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27th Mar 2017

Ministers call for stronger EU foreign policy chief

  • German foreign minister Guido Westerwelle (l) created the group seven months ago (Photo: msz.gov.pl)

A brainstorming group of 11 foreign ministers has called for a more powerful EU foreign policy chief and less power in general for EU countries.

The group - containing ministers from Austria, Belgium, Denmark, France, Italy, Germany, Luxembourg, the Netherlands, Poland, Portugal and Spain - published its communique on the "Future of Europe" on Tuesday (18 September) after a meeting in Warsaw.

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It said the EU should make a "substantial revision" of the European External Action Service (EEAS), putting the EEAS chief in charge of neighbourhood and development policy as well as a new-model defence policy designed to create a "European army."

The current EEAS chief, Catherine Ashton, is flanked by neighbourhood commissioner Stefan Fuele and development commissioner Andris Piebalgs, who control the vast bulk of EU money spent in the Western Balkans, the Middle East and Africa.

The new-model EEAS chief would instead control two "junior" neighbourhood and aid commissioners.

The report also called for more meetings of EU foreign ministers and more majority-based decisions on foreign and defence policy in order to "prevent one single member state from being able to obstruct initiatives."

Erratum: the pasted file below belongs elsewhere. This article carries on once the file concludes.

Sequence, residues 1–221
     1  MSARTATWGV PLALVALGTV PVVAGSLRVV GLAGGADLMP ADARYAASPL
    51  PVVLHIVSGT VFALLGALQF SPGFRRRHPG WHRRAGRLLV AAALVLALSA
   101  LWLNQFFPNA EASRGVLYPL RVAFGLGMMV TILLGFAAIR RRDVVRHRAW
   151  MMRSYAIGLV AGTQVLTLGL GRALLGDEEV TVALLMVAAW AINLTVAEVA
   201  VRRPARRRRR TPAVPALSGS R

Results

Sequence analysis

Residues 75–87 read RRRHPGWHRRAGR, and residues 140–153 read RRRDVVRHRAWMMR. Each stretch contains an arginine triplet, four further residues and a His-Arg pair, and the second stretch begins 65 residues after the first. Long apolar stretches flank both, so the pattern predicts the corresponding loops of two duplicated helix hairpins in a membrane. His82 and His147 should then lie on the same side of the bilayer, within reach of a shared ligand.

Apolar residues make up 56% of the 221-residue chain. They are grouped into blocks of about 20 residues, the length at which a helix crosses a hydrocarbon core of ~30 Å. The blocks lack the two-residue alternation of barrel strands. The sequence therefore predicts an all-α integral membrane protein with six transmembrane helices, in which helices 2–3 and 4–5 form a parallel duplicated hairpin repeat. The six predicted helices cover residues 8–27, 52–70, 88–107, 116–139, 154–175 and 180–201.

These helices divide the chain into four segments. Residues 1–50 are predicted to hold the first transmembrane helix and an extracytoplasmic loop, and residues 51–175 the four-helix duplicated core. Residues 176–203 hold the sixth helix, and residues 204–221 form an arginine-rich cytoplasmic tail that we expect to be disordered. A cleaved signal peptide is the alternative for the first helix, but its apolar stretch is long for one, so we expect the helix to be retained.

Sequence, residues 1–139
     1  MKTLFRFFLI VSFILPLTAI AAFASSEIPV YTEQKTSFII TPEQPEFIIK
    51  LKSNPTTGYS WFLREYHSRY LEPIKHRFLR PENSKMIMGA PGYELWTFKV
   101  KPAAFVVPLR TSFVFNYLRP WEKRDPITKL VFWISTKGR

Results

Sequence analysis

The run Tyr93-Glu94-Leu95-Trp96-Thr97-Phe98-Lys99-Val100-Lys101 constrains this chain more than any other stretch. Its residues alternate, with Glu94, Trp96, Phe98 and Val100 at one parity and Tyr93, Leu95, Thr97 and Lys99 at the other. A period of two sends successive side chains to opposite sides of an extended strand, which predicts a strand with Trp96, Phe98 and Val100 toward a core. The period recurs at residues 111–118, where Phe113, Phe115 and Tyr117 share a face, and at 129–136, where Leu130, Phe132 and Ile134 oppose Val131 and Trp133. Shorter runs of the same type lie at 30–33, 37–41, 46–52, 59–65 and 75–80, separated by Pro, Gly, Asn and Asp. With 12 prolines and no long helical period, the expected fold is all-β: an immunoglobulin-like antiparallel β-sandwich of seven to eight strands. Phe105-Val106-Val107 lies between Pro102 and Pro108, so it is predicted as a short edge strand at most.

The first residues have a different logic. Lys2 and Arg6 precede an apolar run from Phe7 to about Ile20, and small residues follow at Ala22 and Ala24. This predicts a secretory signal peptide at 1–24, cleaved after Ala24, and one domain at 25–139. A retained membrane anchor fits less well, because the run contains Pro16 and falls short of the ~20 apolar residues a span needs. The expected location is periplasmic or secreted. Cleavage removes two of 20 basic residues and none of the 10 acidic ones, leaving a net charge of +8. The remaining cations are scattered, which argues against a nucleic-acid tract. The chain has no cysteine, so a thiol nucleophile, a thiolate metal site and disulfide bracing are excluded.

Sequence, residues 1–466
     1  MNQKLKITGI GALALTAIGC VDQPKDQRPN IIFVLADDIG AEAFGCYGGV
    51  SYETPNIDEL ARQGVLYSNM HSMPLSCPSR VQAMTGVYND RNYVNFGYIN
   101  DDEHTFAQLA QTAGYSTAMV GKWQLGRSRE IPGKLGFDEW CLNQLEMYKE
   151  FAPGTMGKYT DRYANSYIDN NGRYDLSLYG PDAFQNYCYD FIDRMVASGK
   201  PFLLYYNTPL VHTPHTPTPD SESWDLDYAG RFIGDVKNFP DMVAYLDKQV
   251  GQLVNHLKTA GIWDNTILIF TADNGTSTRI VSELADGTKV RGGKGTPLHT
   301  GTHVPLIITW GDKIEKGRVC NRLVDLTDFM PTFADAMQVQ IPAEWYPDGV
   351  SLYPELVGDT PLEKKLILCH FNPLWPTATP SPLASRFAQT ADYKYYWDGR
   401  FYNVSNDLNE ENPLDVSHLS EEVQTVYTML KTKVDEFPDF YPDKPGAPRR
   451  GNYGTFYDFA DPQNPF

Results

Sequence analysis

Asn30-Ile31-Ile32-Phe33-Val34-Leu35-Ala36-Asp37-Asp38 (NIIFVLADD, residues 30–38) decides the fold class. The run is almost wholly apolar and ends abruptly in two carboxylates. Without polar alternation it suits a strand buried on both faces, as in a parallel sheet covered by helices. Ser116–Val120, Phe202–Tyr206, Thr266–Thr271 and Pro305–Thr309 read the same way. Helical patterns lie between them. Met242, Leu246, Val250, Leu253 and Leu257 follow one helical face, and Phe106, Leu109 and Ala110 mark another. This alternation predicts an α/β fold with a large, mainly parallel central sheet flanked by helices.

The idea of less power for EU capitals was the main theme of the paper.

It said changes to EU treaties should in future be adopted "by a super-qualified majority of the EU member states and their population" instead of by unanimity.

It endorsed existing legal proposals to give the European Commission and the European Central Bank more control over national economies: the so-called "two-pack" law on budgetary discipline and a single EU bank supervisor.

It floated the idea of a single EU President who runs the commission and the EU Council and who is directly elected by voters in a pan-EU vote "on the same day in all member states."

It also proposed that EU external borders should be manned by a "European Border Police."

The communique noted several times that "not all participating ministers agree with all proposals," creating a get-out clause for anybody who might face a eurosceptic backlash at home.

The text included other caveats.

It said that majority-made EU treaty changes "would [only] be binding for those member states that have ratified them" and that "the responsibility of the member states for the composition of their budgets has to be fully respected."

It also spoke of greater democratic "legitimacy" and "visibility."

At one point, it said the European Parliament should be able to initiate EU law instead of just amending or blocking commission proposals.

But for the most part the "visibility" boiled down to extra "consultative" powers for MEPs and the creation of a new joint committee for MEPs and national MPs to talk to each other.

The text also highlighted a new EU term - the "pre-in."

The "pre-in" is an EU country which aims to join the euro one day and which wants to be able to go to eurozone meetings already to find out where the single currency is going.

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